The primary issue in the lawsuits is the violation of the FCRA by compiling information, conducting a criminal record database search on the candidate and reporting criminal records without checking the accuracy. Unlike a criminal search through the State Police, none of the websites scraped by AI will ever have the offender’s Social Security number that would aid in identifying a record belongs to the candidate. In practice, when a record that is believed to belong to the candidate is found in an AI database, the vendor must conduct a primary source (State Police or county court) search to confirm the identity of the individual in the record matches and accurately reports the offense. In an even increasing need to reduce costs, this confirmation process is conducted with “AI” and without the intervention of a human to confirm the record matches the identity of the candidate or to run additional criminal record checks as required. Why? The truth of AI is the relentless approach to cut costs in an ever competitive environment.

What are AI limitations? Connecticut, Maryland and MN for example have websites that are available to the public to conduct criminal record research. Bots are able to scrape data from these three sites for resale. However, other states are well aware of the value of their criminal records and have joined the background investigation industry as a source for accurate information. State agencies have capitalized on their criminal records and created web-based portals allowing background check companies to conduct research of actual State Police or State agency records, earning tens of millions of dollars and in some cases, over $100 million dollars annually on behalf of the taxpayer. AI is a competitor and like any business, states jealously guard their data and ward off competitors.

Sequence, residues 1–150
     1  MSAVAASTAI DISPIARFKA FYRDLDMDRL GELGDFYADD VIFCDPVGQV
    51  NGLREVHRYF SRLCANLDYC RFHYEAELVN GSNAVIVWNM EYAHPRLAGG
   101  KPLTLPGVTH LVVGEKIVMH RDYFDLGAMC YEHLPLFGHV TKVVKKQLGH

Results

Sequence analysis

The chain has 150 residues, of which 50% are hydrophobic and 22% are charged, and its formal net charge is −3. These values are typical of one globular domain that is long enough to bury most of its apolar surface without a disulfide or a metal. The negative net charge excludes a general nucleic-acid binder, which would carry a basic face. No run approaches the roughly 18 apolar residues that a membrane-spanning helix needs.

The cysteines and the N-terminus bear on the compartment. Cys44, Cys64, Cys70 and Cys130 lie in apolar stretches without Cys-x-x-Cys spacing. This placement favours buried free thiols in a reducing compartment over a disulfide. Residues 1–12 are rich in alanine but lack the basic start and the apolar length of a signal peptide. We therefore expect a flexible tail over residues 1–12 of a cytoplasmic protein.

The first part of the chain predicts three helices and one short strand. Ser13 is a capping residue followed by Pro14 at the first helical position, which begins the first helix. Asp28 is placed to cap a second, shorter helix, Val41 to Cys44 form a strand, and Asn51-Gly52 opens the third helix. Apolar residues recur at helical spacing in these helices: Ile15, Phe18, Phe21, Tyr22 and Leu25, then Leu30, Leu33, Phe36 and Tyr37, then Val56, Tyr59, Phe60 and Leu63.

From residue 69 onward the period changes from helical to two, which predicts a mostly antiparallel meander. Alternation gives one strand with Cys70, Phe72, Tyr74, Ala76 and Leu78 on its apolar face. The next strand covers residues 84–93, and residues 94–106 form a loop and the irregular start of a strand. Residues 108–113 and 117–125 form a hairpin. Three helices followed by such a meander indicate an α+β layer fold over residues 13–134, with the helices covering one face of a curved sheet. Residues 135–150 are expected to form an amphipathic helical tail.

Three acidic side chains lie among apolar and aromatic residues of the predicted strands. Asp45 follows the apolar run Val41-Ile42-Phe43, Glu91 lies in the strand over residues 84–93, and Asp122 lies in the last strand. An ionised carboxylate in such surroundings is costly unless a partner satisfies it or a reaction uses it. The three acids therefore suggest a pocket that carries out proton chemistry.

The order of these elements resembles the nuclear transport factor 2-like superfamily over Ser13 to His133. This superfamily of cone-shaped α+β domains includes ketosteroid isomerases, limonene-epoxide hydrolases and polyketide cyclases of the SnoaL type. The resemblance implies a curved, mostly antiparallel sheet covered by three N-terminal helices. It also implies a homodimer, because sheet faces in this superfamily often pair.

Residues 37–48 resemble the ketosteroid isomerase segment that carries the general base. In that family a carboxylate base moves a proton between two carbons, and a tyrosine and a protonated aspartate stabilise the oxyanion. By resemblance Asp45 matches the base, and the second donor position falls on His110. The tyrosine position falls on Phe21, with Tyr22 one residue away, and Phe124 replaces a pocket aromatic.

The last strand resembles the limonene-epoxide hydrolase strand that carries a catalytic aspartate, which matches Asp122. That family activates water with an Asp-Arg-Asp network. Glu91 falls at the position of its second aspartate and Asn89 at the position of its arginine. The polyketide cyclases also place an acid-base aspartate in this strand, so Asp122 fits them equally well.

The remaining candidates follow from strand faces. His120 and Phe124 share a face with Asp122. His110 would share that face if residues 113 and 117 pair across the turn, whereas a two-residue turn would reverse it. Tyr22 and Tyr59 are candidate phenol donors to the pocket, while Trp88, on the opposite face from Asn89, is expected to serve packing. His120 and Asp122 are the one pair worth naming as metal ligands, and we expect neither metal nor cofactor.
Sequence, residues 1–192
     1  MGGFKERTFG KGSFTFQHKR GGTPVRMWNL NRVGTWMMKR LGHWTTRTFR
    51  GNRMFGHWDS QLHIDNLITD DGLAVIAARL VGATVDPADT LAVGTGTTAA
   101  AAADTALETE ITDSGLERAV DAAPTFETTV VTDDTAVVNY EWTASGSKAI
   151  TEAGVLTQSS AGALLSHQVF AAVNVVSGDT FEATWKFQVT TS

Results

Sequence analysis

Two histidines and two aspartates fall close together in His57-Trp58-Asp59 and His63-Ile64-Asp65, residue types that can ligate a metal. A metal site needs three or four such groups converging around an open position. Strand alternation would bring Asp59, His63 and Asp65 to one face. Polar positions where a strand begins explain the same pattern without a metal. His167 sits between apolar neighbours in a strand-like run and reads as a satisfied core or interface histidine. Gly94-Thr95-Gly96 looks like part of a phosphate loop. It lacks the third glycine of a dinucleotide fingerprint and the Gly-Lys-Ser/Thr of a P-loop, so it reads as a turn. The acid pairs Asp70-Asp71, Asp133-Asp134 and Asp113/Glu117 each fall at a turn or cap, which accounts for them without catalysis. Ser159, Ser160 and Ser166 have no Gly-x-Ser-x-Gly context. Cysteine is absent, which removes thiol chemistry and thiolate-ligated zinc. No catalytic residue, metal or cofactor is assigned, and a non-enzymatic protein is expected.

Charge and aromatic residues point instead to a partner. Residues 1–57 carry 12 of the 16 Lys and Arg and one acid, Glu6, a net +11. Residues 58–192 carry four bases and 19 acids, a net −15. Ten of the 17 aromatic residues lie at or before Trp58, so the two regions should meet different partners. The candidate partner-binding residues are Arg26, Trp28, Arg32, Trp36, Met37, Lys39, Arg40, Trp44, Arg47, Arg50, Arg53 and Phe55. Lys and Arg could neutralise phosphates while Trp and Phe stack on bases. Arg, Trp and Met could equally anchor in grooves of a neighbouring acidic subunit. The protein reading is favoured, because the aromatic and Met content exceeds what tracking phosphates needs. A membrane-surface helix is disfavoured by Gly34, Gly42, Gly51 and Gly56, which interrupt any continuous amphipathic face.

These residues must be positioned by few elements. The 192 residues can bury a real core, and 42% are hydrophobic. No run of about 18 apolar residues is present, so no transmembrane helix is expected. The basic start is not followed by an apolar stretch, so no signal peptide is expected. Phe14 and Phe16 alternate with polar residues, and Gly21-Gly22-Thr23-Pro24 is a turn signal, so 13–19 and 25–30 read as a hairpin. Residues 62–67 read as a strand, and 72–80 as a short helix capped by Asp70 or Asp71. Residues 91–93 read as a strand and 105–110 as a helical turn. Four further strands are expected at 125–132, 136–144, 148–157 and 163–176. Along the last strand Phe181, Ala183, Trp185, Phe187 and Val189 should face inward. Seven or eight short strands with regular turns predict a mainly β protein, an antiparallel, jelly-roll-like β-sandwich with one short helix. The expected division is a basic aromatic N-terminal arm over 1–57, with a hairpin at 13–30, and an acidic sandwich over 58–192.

New York developed tremendous revenue streams selling statewide criminal records for employment purposes through the Office of Court Administration earning well over $100 million a year annually. With revenues like this, New York will not allow court records to be scraped and result in a loss of revenue. New York is so determined to protect its data that it has ordered County courts to deny access to criminal record terminals and court clerks are prohibited from conducting searches for the public. A bot will be unable to access any criminal record in New York through the court system. AI so highly touted by background investigation vendors but AI will only webscrape a limited number of criminal records in New York which begs the question, how thorough can the search be when records from an entire state cannot be obtained. Companies operating in New York or nearby states beware.

Primary source criminal research vs. webscrape technology-

We are used to seeing movies and television shows where an individual is able to access the full criminal history on individual from their laptop. This is not possible unless you are member of law enforcement. There is no true national criminal record database through a government agency that is available to a background vendor without fingerprinting. To conduct a proper criminal record search, each state must be searched individually.